Deborah: My interest in studying law was piqued by the prospect of developing skills of analysis and reasoning, and the ability to distinguish the relevant from the irrelevant. Law is fascinating in that there are simply no right or wrong answers – one discerns the ‘correct’ answer based on core principles of justice and fair play.
Veena: Since I was 15, I knew I wanted to become a music therapist, a profession I was introduced to by an article in the Straits Times. Music Therapy combines my twin passions, and I wanted to learn how I can help people address emotional and cognitive needs through the use of music interventions.
What do you like about your respective universities?
Deborah: At the University of Bristol, I have had the opportunity to meet people from all over the world. There are about 10 students in each tutorial group, an ideal number for tutors to ensure that each student is paid sufficient attention to. The small class number also eliminates any feeling of intimidation and encourages us to contribute our ideas to class discussions. There are also two annual law balls – one during winter and another in spring – to allow students to unwind and have fun after a packed semester.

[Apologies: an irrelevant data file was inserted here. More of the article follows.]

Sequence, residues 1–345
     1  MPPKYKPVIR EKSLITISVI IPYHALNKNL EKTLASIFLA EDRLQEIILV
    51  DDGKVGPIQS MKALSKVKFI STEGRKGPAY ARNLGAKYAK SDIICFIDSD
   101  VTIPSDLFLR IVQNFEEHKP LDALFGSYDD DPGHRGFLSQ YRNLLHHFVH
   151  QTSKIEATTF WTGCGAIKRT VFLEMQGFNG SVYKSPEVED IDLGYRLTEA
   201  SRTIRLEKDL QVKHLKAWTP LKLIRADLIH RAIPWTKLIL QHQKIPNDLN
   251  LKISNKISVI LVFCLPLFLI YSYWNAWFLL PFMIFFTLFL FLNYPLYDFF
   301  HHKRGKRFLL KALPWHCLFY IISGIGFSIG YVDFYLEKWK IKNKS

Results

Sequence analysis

Veena: Glasgow is a UNESCO City of Music with so much history and culture. The more I found out about this city, the more I wanted to study here. Glasgow University is amazing – it is one of the oldest universities in the world, and where Hogwarts scenes were filmed! I was also awarded an Undergraduate Excellence scholarship, through which my four-year course fees were paid for. This definitely helped to seal the deal.
I also like that there is always something happening on campus to suit the varied interests of the student community. Music-wise, there are concerts held on campus every week. I have also been given opportunities to make friends from all over the world and learn about so many different cultures.
Veena Rachel Amudhan
Master of Arts in
Psychology and Music, University of Glasgow, UK
What are some highlights from your time in the UK?